Game On In Texas: Rangers Purposely Built Visitors Bullpen To Be A  Pain In The…?

The World Series has played out like a soap opera thus far, with Monday’s game five win by the Texas Rangers serving up the strangest script yet.  A series of blunders by the St. Louis Cardinals certainly helped lead the home team to a 4-2 victory and a 3-2 series lead, leaving many wondering how such an experienced skipper like Tony La Russa could allow so many miscues when the stakes were so high. 

A bit of inside information from one of TV’s more notable sports writers might help explain part of the snafu, as well as lend some credibility to La Russa’s seemingly silly explanation. 

La Russa explained his mismatches on the mound as bullpen bloopers of sorts, citing poor communication between the dugout and the bullpen.  The Cards manager said that the bullpen coach misheard his instructions over the phone, probably due to the high volume of the crowd noise. 

Shout out to Tony Reali, host of ESPN’s Around The Horn for posting an outtake from Tuesday’s show (posted above) where guest Tim Cowlishaw of The Dallas Morning News said that the visitors bullpen’s sketchy placement and set-up was purposely built that way, putting the away team at a disadvantage.  Rangers Ballpark in Arlington was built in 1994 and has often been criticized for not having been built with a retractable roof, considering the sweltering Texas summers. 

From multiple camera angles on the TV broadcast, it looks like you can’t see inside the bullpen from the dugout, which, I’d bet, the visiting team finds slightly annoying. In an ABC News article, La Russa addressed previous bullpen incidences at other ball parks, saying, “Yeah, smoke signals from the dugout.  There are times, like what happened in Philadelphia (during the first round of the playoffs). The phone went out, and so we used cell phones. And then the Phillies brought down walkie talkies, and they fixed the phone.”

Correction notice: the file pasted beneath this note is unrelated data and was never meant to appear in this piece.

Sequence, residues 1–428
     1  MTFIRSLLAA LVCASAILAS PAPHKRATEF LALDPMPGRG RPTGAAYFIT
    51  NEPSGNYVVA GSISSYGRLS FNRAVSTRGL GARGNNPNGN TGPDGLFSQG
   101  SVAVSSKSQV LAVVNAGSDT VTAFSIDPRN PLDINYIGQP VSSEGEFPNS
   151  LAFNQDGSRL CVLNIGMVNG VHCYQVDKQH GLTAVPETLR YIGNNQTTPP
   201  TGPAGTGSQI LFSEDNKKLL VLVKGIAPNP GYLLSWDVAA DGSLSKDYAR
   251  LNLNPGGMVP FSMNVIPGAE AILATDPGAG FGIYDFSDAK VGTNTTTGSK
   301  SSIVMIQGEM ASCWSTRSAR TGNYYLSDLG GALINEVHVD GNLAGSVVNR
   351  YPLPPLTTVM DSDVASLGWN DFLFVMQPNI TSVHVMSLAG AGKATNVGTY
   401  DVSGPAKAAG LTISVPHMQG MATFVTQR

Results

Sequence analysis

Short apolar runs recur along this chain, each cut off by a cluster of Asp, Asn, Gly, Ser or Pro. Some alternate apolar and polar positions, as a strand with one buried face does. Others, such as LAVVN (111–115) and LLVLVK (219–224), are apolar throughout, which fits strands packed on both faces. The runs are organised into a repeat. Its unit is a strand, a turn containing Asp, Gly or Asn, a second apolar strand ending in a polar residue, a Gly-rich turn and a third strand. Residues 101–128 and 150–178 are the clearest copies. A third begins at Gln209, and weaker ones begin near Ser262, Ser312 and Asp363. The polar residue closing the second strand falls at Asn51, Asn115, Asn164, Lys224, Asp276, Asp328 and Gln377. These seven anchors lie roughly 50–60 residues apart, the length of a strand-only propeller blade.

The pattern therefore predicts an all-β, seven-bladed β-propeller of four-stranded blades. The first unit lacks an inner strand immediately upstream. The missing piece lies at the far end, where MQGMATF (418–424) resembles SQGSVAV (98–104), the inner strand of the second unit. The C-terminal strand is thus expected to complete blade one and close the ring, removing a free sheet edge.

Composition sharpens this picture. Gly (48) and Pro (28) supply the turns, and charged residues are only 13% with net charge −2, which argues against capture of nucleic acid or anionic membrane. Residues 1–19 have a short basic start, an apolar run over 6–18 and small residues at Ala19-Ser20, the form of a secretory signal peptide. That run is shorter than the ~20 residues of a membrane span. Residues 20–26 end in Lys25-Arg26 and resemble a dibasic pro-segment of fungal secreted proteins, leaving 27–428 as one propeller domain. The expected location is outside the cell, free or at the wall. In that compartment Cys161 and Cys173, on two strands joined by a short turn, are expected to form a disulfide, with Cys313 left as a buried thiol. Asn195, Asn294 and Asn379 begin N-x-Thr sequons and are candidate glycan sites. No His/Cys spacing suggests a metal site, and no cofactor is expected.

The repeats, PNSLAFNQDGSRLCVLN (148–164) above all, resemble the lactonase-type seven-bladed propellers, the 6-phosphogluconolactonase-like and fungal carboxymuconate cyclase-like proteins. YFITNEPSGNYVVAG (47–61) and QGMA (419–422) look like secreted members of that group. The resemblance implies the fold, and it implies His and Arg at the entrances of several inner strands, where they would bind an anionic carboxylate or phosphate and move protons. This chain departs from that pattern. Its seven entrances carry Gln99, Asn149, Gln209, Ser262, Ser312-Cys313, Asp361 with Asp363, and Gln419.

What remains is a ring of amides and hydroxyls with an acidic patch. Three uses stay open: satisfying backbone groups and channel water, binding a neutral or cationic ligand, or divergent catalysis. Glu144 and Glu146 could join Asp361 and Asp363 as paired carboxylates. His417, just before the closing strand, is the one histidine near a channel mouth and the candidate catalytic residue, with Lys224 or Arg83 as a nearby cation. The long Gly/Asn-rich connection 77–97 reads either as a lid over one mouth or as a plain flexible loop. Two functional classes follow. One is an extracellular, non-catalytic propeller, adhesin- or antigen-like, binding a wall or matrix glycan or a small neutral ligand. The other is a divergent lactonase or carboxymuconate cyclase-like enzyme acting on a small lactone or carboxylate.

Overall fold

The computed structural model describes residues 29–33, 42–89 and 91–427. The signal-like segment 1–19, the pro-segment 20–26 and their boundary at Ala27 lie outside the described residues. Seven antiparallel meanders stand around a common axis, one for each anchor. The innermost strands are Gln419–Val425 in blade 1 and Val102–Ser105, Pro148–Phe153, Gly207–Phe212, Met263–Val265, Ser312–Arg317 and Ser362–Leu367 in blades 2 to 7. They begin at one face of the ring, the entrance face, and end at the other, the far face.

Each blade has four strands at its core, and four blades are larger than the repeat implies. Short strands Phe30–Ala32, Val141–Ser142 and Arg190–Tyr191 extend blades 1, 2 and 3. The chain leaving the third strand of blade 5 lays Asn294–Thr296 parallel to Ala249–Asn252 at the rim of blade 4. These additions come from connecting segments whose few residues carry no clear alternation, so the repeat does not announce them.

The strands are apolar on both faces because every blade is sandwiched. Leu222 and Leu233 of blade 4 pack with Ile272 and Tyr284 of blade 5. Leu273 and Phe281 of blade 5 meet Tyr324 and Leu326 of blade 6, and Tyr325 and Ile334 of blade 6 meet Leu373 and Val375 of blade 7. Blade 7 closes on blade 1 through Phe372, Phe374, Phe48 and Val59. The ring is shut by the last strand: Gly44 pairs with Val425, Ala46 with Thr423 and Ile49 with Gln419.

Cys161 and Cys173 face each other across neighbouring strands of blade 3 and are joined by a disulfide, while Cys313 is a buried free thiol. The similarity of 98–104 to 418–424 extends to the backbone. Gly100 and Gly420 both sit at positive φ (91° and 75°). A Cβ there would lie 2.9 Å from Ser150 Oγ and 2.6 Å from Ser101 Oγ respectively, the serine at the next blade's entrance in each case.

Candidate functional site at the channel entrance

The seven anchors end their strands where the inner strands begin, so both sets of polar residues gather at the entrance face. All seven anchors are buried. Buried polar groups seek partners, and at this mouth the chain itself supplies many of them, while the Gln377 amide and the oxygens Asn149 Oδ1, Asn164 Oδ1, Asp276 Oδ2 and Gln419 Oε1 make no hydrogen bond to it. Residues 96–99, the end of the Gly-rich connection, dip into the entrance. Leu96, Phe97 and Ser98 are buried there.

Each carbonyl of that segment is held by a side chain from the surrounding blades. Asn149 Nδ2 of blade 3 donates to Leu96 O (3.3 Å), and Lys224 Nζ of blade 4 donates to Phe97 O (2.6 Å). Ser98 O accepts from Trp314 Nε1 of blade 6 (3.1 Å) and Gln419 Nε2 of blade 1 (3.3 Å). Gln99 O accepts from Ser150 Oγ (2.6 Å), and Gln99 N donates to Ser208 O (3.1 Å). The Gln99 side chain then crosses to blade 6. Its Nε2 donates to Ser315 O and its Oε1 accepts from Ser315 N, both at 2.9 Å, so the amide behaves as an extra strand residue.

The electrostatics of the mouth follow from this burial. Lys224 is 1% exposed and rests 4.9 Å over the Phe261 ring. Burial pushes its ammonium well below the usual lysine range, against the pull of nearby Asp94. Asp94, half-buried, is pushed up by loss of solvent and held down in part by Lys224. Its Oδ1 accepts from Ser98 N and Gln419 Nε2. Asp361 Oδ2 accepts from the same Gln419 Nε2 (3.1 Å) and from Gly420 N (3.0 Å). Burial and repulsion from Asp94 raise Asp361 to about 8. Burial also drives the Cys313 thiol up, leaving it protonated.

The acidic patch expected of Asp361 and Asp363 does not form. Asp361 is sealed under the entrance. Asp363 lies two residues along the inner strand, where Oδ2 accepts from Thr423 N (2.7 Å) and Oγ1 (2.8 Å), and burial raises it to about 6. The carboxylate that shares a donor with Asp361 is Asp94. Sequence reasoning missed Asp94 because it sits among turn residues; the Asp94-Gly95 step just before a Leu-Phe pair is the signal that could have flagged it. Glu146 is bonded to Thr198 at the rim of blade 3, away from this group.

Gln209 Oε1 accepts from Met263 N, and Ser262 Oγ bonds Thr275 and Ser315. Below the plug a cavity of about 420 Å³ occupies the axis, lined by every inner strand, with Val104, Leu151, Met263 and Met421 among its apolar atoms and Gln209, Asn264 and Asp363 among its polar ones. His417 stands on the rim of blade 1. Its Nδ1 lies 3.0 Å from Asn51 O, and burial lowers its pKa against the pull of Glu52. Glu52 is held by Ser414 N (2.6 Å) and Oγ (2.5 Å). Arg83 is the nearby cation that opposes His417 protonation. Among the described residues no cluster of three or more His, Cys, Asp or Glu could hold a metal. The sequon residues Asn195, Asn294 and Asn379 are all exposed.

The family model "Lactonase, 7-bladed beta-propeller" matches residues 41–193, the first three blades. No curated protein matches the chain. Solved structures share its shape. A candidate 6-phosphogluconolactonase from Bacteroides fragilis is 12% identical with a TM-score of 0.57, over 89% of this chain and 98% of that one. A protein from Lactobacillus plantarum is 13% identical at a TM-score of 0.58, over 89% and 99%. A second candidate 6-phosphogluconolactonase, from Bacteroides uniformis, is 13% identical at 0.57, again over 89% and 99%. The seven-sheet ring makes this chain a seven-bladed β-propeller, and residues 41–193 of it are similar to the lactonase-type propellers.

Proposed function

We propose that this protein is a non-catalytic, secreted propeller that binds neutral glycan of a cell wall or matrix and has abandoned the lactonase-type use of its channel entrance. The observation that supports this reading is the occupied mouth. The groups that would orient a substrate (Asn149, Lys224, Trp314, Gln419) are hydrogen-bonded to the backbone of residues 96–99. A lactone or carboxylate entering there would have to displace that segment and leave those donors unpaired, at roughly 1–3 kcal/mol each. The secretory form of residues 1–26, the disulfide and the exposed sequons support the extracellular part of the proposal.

I’ve heard of stadiums and arenas undergoing renovations and purposely leaving the visitors locker room untouched for that same reason; to keep a bunch of big, strong, tough athletes in a small, confined and uncomfortable space before games.  Within reason, I say it’s a pretty solid display of gamesmanship on the part of home team management and ownership.  This kind of stuff shouldn’t affect great teams anyway.  Rangers Ballpark in Arlington did undergo renovations heading into the 2011 baseball season, clearly, none of which included the visitors bullpen.  I fully expect the Busch Squirrel to exact revenge on the Rangers in St. Louis, completely chewing through the Texas dugout-to-bullpen phone line all together!

Click here for ABC News’ story on Bullpen-gate.